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6 of 8 females. Third, in terms of access to higher educat ion, it is very disappointing to conclude that females are still lagging behind in t heir access to university, especially to advanced study. In conclusion, although the expansi on of higher education in Taiwan has substantially benefited females over the past few d ecades, women still suffer disadvantages in access to higher education.ReferencesMinistry of Education (1998). Education Statistics Abstract Taipei: Ministry of Education.Ministry of Education (1999). Statistics on Higher Education Graduates in the R.O .C., School Year, 1992-1997 Taipei: Ministry of Education. Ministry of Education (2000a). Education Statistical Indicators Taipei: Ministry of Education.Ministry of Education (2000b). Education Statistics of the Republic of China Taipei: Ministry of Education.Moore, K. M. (1987). Women's access and opportunity in higher education: toward the twenty-first century, Comparative Education, 23 (1), 23-34. Thomas, K. (1988). Gender and the Arts/Science Divi de in Higher Education, Studies in Higher Education, 13 (2), 123-137. UNESCO (1998). World Education Report 1998 Paris: UNESCO.About the AuthorDr. Ru-jer Wang Director of Graduate Institute of EducationNational Chung Cheng UniversityTaiwan, R.O.C.160, San-Hsing, Ming-Hsiung, Chia-Yi, TaiwanTel: 886-5-2720871 Fax: 886-5-2720875E-mail: edurjw@ccunix.ccu.edu.twDr. Ru-Jer Wang received his Ph.D. degree from the University of Manchester (UK) and is currently an Associate Professor and former dire ctor of the Graduate Institute of Education, National Chung Cheng University. His mai n research and teaching interests are educational administration, comparative educati on, and higher education, knowledge management and education, and the knowledge economy and education. He is also in charge of the Center for Research into the Knowledg e Economy and Education. He has published more than 30 research papers and four boo ks: Educational Administration (1998), Comparative Education (1999), The Theory and Application of Knowledge Management: The Case of the Education Sector and It s Innovation (2000), and The Knowledge-based Economy and Education (2001).

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7 of 8 Copyright 2001 by the Education Policy Analysis ArchivesThe World Wide Web address for the Education Policy Analysis Archives is epaa.asu.edu General questions about appropriateness of topics o r particular articles may be addressed to the Editor, Gene V Glass, glass@asu.edu or reach him at College of Education, Arizona State University, Tempe, AZ 8 5287-0211. (602-965-9644). The Commentary Editor is Casey D. C obb: casey.cobb@unh.edu .EPAA Editorial Board Michael W. Apple University of Wisconsin Greg Camilli Rutgers University John Covaleskie Northern Michigan University Alan Davis University of Colorado, Denver Sherman Dorn University of South Florida Mark E. Fetler California Commission on Teacher Credentialing Richard Garlikov hmwkhelp@scott.net Thomas F. Green Syracuse University Alison I. Griffith York University Arlen Gullickson Western Michigan University Ernest R. House University of Colorado Aimee Howley Ohio University Craig B. Howley Appalachia Educational Laboratory William Hunter University of Calgary Daniel Kalls Ume University Benjamin Levin University of Manitoba Thomas Mauhs-Pugh Green Mountain College Dewayne Matthews Education Commission of the States William McInerney Purdue University Mary McKeown-Moak MGT of America (Austin, TX) Les McLean University of Toronto Susan Bobbitt Nolen University of Washington Anne L. Pemberton apembert@pen.k12.va.us Hugh G. Petrie SUNY Buffalo Richard C. Richardson New York University Anthony G. Rud Jr. Purdue University Dennis Sayers California State University—Stanislaus Jay D. Scribner University of Texas at Austin Michael Scriven scriven@aol.com Robert E. Stake University of Illinois—UC Robert Stonehill U.S. Department of Education David D. Williams Brigham Young University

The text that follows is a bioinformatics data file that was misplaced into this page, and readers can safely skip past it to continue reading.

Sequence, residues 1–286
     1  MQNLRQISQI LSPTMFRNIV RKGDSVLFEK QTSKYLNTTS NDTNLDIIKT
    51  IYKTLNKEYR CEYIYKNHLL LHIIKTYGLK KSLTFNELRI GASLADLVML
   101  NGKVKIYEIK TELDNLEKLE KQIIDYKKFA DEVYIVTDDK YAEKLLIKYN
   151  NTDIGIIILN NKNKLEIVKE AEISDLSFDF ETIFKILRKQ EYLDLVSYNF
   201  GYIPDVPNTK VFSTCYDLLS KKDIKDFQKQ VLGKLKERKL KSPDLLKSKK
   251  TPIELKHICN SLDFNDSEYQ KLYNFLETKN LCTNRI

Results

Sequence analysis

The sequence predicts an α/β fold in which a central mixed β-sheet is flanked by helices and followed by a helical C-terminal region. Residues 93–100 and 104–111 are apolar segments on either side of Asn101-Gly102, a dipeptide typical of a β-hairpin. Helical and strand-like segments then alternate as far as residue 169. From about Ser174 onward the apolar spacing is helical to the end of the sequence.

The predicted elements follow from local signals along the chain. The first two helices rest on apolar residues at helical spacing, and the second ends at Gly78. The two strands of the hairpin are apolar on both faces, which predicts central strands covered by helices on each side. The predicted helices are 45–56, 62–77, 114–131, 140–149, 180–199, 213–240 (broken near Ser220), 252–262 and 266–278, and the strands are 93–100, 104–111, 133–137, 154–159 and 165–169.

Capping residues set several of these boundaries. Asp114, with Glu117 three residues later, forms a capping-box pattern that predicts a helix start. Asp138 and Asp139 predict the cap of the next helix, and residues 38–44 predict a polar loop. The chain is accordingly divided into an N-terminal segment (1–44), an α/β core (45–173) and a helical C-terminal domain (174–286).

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8 of 8 EPAA Spanish Language Editorial BoardAssociate Editor for Spanish Language Roberto Rodrguez Gmez Universidad Nacional Autnoma de Mxico roberto@servidor.unam.mx Adrin Acosta (Mxico) Universidad de Guadalajaraadrianacosta@compuserve.com J. Flix Angulo Rasco (Spain) Universidad de Cdizfelix.angulo@uca.es Teresa Bracho (Mxico) Centro de Investigacin y DocenciaEconmica-CIDEbracho dis1.cide.mx Alejandro Canales (Mxico) Universidad Nacional Autnoma deMxicocanalesa@servidor.unam.mx Ursula Casanova (U.S.A.) Arizona State Universitycasanova@asu.edu Jos Contreras Domingo Universitat de Barcelona Jose.Contreras@doe.d5.ub.es Erwin Epstein (U.S.A.) Loyola University of ChicagoEepstein@luc.edu Josu Gonzlez (U.S.A.) Arizona State Universityjosue@asu.edu Rollin Kent (Mxico)Departamento de InvestigacinEducativa-DIE/CINVESTAVrkent@gemtel.com.mx kentr@data.net.mx Mara Beatriz Luce (Brazil)Universidad Federal de Rio Grande do Sul-UFRGSlucemb@orion.ufrgs.brJavier Mendoza Rojas (Mxico)Universidad Nacional Autnoma deMxicojaviermr@servidor.unam.mxMarcela Mollis (Argentina)Universidad de Buenos Airesmmollis@filo.uba.ar Humberto Muoz Garca (Mxico) Universidad Nacional Autnoma deMxicohumberto@servidor.unam.mxAngel Ignacio Prez Gmez (Spain)Universidad de Mlagaaiperez@uma.es Daniel Schugurensky (Argentina-Canad)OISE/UT, Canadadschugurensky@oise.utoronto.ca Simon Schwartzman (Brazil)Fundao Instituto Brasileiro e Geografiae Estatstica simon@openlink.com.br Jurjo Torres Santom (Spain)Universidad de A Coruajurjo@udc.es Carlos Alberto Torres (U.S.A.)University of California, Los Angelestorres@gseisucla.edu